Angry Haitian quake survivors complained of being ignored as the international mission struggled to deliver massive amounts of aid amid a rising tide of lawlessness.
Restoring security to Haiti is key, officials say, but that job is getting more difficult because of unco-ordinated relief efforts and increasingly restive citizens.
"There are trucks and trucks just sitting at the airport," a Canadian police officer told The Canadian Press on the condition of anonymity. "The water is not getting out."
The officer, one of several Canadian law-enforcement officers serving with the United Nations for the past nine months, said a growing number of neighbourhoods are becoming off-limits as residents erect roadblocks, effectively cutting them off from whatever little authority remains.
Port-au-Prince residents had taken to posting signs pleading for relief. "Help, Ayuda, Aide" read one in three languages, with arrows pointing to a yard filled with survivors.
Other city dwellers were more dismissive. "White guys, get the hell out!" said a group of angry survivors in a slum, loitering amid piles of burning garbage.
"The distribution is not organized in any way," Estime Pierre Deny, said as he watched a crowd jostle for water from an aid truck. "Look at this. Only the strong can fight for this water. The weak and the sick and the old and the tiny ones, the ones who most need it, do not have a chance."
In many places, jostling was the least of anyone's problems. Looting and lawlessness have grown to the point where officials have acknowledged the chaos was impeding the international response.
"Our principal mission is humanitarian assistance, but the security component is going to be an increasing part of that," Lieutenant-General Ken Keen of the U.S. Southern Command told reporters. "And we're going to have to address that, along with the United Nations, and we are going to have to do it quickly."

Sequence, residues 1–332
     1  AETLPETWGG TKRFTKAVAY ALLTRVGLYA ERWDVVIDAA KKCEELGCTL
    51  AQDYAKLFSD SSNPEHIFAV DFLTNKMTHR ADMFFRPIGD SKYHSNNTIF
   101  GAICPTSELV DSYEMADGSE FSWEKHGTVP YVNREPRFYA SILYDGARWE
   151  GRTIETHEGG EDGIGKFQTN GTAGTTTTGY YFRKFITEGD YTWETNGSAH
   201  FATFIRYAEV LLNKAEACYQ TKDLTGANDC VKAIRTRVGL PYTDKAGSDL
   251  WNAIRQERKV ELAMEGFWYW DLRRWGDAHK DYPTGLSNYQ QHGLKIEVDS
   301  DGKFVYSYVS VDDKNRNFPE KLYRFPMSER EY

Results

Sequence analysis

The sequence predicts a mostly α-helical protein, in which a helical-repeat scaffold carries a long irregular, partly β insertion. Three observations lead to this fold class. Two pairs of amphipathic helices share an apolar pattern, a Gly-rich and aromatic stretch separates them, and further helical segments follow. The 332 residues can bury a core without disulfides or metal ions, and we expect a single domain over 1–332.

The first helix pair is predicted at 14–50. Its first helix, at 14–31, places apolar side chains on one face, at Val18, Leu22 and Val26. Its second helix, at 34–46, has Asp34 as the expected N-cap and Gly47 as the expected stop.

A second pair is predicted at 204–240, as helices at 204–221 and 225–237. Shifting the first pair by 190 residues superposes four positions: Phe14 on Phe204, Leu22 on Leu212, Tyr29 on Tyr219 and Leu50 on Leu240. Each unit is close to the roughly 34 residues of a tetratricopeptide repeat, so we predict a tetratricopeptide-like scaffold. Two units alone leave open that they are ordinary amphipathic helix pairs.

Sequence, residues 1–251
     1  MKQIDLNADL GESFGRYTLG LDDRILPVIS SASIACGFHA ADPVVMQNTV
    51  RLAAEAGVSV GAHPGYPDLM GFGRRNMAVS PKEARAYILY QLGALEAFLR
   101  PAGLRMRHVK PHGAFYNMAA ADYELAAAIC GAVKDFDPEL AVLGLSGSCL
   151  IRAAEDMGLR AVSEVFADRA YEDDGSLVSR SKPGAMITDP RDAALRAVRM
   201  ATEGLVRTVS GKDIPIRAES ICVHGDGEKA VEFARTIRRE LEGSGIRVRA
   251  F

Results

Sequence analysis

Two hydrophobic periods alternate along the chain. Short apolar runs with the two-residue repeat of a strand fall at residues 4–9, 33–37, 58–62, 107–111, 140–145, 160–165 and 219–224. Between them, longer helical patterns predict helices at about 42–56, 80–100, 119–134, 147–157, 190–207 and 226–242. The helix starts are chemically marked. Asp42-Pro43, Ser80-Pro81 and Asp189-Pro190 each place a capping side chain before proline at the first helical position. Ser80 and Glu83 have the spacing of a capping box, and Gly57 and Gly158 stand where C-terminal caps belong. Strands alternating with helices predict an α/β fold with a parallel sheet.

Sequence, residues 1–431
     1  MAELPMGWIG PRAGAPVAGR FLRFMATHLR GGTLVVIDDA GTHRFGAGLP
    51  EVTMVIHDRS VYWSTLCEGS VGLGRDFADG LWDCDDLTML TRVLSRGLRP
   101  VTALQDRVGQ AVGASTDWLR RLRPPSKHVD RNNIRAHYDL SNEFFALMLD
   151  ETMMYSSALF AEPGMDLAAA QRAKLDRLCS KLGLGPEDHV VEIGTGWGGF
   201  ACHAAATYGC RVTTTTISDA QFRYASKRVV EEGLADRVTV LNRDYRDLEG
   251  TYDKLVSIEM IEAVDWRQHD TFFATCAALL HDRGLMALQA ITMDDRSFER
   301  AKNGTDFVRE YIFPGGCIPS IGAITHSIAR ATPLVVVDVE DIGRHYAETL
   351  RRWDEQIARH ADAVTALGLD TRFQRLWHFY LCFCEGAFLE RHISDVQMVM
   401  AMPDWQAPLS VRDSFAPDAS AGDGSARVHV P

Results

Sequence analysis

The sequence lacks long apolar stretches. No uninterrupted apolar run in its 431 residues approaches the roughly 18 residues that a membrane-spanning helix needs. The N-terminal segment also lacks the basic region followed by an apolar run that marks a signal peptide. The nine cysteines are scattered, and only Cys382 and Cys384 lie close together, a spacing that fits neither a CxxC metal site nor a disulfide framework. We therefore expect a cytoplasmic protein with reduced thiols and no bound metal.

Contributing to the unrest, the earthquake allowed thousands of prisoners to escape the damaged jail.
"We have 2,000 police in Port-au-Prince who are severely affected. And 3,000 bandits escaped from prison," Haitian President René Préval told reporters. "This gives you an idea of how bad the situation is."
Looting was evident in pockets across the capital, as was vigilante justice, with reports of bodies being found beaten, shot or burned to death with their hands tied behind their backs.
In the hard-hit, rough-and-tumble neighbourhoods off a main drag, every pile of business rubble was being scavenged.
On one block, six men were working like ants sifting through the rubble, pulling papers from what was probably once a bank. A block further down, two men were passing boxed Toyota car parts onto a truck from a building smashed beyond recognition.
There emerged reports of shopkeepers supervising the looting of their own stores, hoping that, at the very least, their wares could be carried away in a somewhat orderly manner. Some looters said they didn't know what they were grabbing.
"I've got no idea what this is, but I'm sure you can sell it," a man named Love Zedouni shouted, as he ran from the Vieux Marché area of town with a big box of tampons.
In the old market, police tried to disperse looters by driving trucks through the crowds and allegedly shot at least one looter dead. Other police were periodically spotted beating suspects. Tear gas, and bullets fired into the air were also used to control crowds.
But it was a struggle. As bonfires burned uncollected bodies, gunfire rang out as bands of machete-wielding young men roamed the streets, faces hidden by bandanas.
"The government is a joke. The UN is a joke," Jacqueline Thermiti, 71, said as she lay in the dust with dozens of dying elderly outside their destroyed nursing home. "We're a kilometre from the airport and we're going to die of hunger."
With reports from CP, Reuters and AP
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